In the present study, we investigated the potential function of Limk2 in cortical interneuron development, focusing on their migration. We first confirmed that medial ganglionic eminence (MGE) cells express higher levels of Limk2 compared to cortical interneurons. We then performed siRNA knockdown experiments in dissociated MGE cells, in brain slice preparations and in mouse embryos and found that lack of Limk2 renders interneurons insensitive to the repulsive action of Sema3A, resulting in their aberrant migration through the striatum. Further, we established that Limk2 appears to mediate the response of migrating interneurons to Sema3A by interacting with PlexinA1. Our findings reveal a novel role for Limk2 in cortical interneuron migration and in Sema3A signalling.
Results and Discussion
To confirm the expression of Limk2 in interneurons, we first performed in situ hybridisation in coronal sections from E13.5–E15.5 mice. These preparations showed expression of Limk2 in the striatum, mantle zone of the GE, preoptic area and along the paths of migrating interneurons in the cortex (Fig. 1A,C). This pattern of expression matched the presence of Lhx6, a marker of GABAergic cells in the subpallium and pallium (Fig. 1B,D). Then, using immunohistochemistry in dissociated GAD67-GFP MGE cultures at E13.5, we observed extensive co-localisation between Limk2 and GAD67-GFP (Fig. 1F–H). Quantitative analysis of MGE- and cortical cell cultures at E13.5 and E15.5 showed >90% co-expression (Fig. 1I). Previous studies had reported that nearly all cortical interneurons contain high levels of GAD67 (Tanaka et al., 2006), unlike striatal cells that preferentially express GAD65 (Feldblum et al., 1993). To assess whether striatal neurons express Limk2, we co-immunostained dissociated E15.5 striatal cultures for the transcription factor FOXP2, a marker of these cells in embryonic life (Takahashi et al., 2003) and Limk2. These experimental showed the vast majority of striatal neurons do express Limk2 (Fig. 1E). Further, MGE cultures revealed higher levels of Limk2 expression compared to cortical preparations as assessed by immunohistochemistry (Fig. 1J) and Western blot (Fig. 1K,L), thus confirming our earlier observations (Faux et al., 2010).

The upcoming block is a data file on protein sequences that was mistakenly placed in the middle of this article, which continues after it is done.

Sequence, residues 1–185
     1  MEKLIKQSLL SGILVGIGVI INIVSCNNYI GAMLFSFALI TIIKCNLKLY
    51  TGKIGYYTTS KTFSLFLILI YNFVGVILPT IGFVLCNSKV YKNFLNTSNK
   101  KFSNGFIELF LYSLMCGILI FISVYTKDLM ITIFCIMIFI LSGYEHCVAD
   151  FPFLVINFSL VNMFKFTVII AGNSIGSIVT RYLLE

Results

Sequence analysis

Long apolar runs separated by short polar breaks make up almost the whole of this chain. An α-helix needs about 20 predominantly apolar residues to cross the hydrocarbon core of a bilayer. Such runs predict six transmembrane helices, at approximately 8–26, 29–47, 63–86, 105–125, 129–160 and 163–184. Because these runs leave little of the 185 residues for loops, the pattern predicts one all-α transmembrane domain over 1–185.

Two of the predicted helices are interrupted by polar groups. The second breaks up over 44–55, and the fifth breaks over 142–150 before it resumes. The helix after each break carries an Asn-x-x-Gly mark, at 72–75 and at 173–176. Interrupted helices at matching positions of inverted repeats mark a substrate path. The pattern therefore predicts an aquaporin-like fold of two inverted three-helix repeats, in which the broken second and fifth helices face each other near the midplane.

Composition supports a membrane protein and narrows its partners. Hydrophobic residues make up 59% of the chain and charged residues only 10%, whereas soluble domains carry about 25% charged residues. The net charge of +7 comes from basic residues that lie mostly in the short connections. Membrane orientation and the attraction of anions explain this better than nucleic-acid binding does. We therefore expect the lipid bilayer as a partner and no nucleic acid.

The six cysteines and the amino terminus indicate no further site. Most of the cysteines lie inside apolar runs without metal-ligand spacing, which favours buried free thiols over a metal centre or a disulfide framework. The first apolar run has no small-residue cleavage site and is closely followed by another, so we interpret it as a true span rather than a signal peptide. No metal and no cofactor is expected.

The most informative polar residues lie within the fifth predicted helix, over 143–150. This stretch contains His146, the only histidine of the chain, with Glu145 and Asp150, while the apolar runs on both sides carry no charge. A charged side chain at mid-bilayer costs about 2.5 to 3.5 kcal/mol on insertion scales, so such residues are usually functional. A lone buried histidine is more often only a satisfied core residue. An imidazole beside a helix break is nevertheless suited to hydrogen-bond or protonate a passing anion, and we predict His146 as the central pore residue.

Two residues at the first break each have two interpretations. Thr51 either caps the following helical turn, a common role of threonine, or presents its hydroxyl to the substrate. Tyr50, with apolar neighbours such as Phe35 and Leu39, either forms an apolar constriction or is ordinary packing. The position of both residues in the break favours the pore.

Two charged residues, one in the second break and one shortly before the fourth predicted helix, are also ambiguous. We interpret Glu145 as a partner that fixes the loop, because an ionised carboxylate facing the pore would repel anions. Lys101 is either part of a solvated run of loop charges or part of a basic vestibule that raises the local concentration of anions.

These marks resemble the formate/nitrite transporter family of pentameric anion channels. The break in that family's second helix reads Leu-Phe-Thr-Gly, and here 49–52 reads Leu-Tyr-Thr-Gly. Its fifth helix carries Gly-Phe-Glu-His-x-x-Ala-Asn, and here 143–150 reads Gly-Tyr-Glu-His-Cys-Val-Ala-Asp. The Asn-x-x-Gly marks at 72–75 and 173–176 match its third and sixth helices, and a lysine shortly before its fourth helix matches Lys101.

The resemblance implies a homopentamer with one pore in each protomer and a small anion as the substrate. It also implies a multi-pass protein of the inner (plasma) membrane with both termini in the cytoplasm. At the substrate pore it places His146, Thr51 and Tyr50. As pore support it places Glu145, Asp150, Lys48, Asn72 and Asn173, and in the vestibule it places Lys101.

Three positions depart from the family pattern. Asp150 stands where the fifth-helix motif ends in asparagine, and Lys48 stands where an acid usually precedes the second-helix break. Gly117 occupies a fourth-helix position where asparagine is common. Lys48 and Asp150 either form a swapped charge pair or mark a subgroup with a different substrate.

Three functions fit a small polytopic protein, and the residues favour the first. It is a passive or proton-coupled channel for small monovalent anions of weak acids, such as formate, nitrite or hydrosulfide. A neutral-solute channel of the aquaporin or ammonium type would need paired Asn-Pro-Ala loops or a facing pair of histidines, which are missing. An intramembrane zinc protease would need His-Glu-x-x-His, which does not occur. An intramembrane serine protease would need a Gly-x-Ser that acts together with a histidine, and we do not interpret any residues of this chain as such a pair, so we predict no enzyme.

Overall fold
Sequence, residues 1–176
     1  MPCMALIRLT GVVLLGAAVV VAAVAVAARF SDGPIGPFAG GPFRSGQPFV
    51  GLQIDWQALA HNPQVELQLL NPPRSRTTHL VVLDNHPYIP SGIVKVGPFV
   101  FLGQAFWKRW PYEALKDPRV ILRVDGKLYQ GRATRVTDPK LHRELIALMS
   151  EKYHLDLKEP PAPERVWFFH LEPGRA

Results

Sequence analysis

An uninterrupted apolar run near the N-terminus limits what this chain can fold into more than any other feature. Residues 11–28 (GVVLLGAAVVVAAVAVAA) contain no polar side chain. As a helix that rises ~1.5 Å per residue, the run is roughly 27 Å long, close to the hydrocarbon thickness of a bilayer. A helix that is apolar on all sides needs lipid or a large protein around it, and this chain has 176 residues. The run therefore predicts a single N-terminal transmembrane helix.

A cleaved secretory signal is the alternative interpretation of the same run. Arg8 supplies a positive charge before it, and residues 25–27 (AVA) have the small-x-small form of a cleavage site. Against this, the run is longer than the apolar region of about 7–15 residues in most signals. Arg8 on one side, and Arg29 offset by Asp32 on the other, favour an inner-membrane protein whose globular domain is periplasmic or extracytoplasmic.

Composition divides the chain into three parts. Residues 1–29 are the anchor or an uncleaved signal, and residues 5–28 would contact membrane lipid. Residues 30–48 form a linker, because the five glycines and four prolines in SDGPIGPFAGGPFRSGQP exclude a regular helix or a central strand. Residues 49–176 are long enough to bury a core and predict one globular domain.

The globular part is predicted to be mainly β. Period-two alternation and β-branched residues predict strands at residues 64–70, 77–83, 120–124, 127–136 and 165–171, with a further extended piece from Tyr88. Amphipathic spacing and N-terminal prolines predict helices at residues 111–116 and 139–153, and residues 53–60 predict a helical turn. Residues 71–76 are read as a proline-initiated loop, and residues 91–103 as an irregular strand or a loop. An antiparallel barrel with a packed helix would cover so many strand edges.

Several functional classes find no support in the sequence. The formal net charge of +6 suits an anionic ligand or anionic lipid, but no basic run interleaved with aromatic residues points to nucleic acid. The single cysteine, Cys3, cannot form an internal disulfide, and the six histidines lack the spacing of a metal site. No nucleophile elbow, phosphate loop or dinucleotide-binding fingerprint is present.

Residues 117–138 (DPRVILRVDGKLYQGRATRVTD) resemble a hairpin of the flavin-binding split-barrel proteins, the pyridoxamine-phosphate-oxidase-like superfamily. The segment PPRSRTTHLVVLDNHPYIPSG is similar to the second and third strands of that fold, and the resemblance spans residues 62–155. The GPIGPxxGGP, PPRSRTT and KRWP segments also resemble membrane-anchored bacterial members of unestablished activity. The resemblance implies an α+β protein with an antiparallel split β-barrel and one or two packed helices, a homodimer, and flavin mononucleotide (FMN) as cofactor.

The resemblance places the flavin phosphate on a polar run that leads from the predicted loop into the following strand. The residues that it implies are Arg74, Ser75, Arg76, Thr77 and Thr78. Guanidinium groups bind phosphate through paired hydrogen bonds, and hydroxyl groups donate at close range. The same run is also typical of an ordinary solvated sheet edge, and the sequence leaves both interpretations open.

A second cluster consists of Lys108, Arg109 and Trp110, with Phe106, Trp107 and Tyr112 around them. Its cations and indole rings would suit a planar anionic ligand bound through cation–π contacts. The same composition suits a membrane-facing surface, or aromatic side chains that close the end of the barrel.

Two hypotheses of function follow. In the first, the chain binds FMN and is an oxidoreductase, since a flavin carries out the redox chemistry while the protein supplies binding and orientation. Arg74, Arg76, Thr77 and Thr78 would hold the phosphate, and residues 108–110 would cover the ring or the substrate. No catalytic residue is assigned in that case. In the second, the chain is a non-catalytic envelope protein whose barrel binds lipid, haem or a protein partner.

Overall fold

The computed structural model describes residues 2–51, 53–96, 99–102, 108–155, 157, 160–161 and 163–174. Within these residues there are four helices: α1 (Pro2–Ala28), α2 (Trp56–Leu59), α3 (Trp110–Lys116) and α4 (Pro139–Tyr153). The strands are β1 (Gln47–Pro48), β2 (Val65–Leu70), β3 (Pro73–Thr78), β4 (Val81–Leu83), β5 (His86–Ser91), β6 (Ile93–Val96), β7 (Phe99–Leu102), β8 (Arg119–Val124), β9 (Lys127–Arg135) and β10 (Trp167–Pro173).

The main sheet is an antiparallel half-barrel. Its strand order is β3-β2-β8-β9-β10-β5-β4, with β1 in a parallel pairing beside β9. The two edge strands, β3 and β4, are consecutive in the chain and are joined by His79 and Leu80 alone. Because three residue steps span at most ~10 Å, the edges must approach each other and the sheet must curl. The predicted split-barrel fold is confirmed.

Loss of Limk2 function modulates interneuron responsiveness to Sema3A